Posted by: Lisa Pampuch | February 19, 2008

Libraries, librarians even more important in the information age

“It is no longer necessary to go to the library for research; the nearest Internet terminal has as much data as the nearest library.” ~ Gilroy Dispatch Columnist Cynthia Walker

“A lot of people … think that libraries are passé. And those people tend to think that everybody has access to the Internet, and that’s not true.” ~ Indianapolis-Marion County Public Library Technology Director Debra Champ

In the information age, it’s easy to knock libraries and librarians, as Walker frequently demonstrates:

• If libraries lend post-Gutenberg press media like DVDs and CDs, or offer puzzle days or puppet shows that promote literacy and knowledge, Walker chides them for offering “entertainment.”

• If a librarian positions monitors to promote privacy, or points out Internet filter shortcomings, Walker implies that these are attempts to facilitate access to smut.

It’s also misguided. So, allow me – an unabashed library lover and president of my city’s Friends of the Library group – to defend libraries and librarians.

Walker asks, “What is the purpose of a library? What is the justification of a tax supported library?”

The Santa Clara County Library’s mission statement answers those questions: “The library provides free access to informational, educational, and recreational materials and services. … The library provides diverse resources on a wide variety of subjects and viewpoints and helps people use these resources.”

Those resources aren’t just books any more.

Digital publishing is faster, cheaper and environmentally friendlier than traditional publishing. Unlike traditional publishing, it produces documents that are searchable and instantly travel vast distances.

That’s why information is increasingly being presented on pixels instead of paper.

That’s why, in the information age, libraries deliver digital information as well as paper-based periodicals and books.

That’s why, for those of us who can afford computers and Internet access and know how to use them, information is widely available.

But, that’s also why information is increasingly unavailable to those who cannot afford computers and Internet connections or don’t possess the skills to use them.

Libraries bridge that gap, much as they did when, as Walker notes, “…books were rare and expensive.”

If former President Ronald Reagan was right when he said, “Information is the oxygen of the modern age. It seeps through the walls topped by barbed wire, it wafts across the electrified borders,” then it’s clear that libraries not only help bridge the digital divide, but also spread freedom and democracy.

M2Z Networks defines the digital divide as “the gap between those with regular, effective access to digital technologies and those without. It undermines American economic growth, prosperity, and competitiveness and creates risks associated with a disenfranchised class of citizens.”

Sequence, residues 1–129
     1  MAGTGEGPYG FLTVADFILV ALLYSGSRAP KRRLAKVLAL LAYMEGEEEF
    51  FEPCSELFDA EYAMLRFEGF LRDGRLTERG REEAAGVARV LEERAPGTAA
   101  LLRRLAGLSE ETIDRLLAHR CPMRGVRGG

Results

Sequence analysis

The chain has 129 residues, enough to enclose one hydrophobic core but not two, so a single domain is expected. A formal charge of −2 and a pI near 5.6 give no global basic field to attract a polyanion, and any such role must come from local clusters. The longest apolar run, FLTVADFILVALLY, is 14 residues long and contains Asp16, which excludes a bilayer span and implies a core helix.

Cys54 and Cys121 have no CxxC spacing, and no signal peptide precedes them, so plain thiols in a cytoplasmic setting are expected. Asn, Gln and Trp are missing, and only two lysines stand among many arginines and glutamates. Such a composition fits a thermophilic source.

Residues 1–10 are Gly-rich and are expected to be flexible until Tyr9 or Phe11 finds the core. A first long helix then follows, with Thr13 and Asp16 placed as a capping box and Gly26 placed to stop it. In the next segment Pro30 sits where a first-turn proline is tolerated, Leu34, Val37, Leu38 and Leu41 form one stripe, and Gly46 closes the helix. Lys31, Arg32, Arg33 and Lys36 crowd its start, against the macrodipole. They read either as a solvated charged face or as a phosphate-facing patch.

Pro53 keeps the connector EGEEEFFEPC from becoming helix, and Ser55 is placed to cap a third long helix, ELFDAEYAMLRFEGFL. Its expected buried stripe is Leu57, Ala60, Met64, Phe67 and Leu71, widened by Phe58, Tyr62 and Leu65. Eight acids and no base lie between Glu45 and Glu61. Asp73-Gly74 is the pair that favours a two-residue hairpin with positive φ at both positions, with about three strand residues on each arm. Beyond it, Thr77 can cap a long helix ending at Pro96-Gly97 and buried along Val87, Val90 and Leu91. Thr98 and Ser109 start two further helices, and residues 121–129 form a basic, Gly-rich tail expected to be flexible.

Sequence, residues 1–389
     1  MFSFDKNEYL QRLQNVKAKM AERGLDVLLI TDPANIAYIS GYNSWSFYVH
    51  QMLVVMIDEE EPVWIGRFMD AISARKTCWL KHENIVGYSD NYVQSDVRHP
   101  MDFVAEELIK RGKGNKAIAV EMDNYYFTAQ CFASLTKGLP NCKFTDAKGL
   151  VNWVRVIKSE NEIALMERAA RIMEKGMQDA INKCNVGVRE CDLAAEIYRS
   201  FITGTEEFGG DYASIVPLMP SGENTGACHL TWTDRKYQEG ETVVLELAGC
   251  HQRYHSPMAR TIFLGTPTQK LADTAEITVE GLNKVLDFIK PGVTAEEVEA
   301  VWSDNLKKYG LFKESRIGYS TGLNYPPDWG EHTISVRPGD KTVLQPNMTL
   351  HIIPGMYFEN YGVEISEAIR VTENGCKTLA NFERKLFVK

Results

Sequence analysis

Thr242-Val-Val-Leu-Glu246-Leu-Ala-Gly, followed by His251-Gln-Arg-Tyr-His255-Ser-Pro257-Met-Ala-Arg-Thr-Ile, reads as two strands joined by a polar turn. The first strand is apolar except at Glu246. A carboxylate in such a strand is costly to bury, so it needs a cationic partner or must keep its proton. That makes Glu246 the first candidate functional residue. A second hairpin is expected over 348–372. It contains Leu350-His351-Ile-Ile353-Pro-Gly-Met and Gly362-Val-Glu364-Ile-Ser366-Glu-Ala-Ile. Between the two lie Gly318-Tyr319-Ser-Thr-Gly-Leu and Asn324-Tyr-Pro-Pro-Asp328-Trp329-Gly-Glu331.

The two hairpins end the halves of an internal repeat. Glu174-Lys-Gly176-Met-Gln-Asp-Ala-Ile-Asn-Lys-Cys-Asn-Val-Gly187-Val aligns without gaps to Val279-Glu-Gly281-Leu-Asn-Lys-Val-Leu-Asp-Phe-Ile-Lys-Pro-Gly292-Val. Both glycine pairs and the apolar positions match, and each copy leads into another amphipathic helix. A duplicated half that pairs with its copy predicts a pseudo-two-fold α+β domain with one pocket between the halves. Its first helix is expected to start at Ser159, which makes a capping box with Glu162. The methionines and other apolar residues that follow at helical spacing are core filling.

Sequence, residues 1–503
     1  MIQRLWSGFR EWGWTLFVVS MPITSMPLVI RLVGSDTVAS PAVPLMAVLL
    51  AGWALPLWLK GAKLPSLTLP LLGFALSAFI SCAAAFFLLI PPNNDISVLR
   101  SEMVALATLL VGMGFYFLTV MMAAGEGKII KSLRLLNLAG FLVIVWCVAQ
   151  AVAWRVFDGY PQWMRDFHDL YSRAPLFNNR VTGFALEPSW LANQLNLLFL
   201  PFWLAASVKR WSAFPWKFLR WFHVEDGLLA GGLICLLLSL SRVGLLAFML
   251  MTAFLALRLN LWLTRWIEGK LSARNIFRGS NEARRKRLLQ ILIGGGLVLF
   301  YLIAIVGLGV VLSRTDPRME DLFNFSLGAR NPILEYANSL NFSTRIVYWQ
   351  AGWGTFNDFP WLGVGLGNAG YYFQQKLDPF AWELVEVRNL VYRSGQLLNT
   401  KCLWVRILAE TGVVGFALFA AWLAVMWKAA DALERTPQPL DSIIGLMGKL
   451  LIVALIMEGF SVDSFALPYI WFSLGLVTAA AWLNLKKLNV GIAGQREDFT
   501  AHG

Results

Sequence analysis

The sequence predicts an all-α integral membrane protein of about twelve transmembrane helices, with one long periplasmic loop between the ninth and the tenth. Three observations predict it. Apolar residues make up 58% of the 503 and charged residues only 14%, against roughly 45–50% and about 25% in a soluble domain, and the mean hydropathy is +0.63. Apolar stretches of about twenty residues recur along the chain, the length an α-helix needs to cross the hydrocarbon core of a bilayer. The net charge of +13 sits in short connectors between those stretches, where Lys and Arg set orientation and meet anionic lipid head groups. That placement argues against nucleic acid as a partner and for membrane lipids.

It notes that “70 million [Americans] lack access to any type of Internet connection,” and “91 percent of adults living in households earning more than $75,000 have Internet access but only 53 percent of adults living in households with less than $30,000 have the same.”

Without open and properly equipped libraries, Walker’s “nearest Internet terminal” is nowhere in sight for many of our neighbors.

Alleviating information poverty isn’t the only role for libraries and librarians in the information age.

Because, as Lotus founder Mitchell Kapor noted, “Getting information off the Internet is like taking a drink from a fire hydrant,” librarians are more important than ever.

For example, a Google search using the search terms “race” and “politics” returns a whopping 8.9 million hits.

World-renown Internet usability expert Jakob Nielsen notes that “… many users don’t know how to use search to truly master the Web. People don’t understand advanced search features, they rarely employ query reformulation, and many uncritically select the first search results.”

A librarian is an invaluable resource for finding reliable information among millions of search engine hits. If your library is open, a librarian can help.

The answer to Walker’s final question, “Does the Santa Clara County Library confer a net benefit for the city of Gilroy?” is clearly “Yes!”

Gilroyans and many Santa Clara County residents will face that question in the voting booth soon, whether they’re asked to pay for a much-needed new building or maintaining or expanding library hours.

When library measures appear on your ballot, remember that libraries and librarians increase literacy, reduce information poverty and bridge the digital divide – in short, remember that they dramatically improve our communities.

“The dawning of the information age represents an opportunity for equality that we have not enjoyed since Horace Mann first championed the idea of free public school.”
~ Former FCC Chairman Reed Hundt


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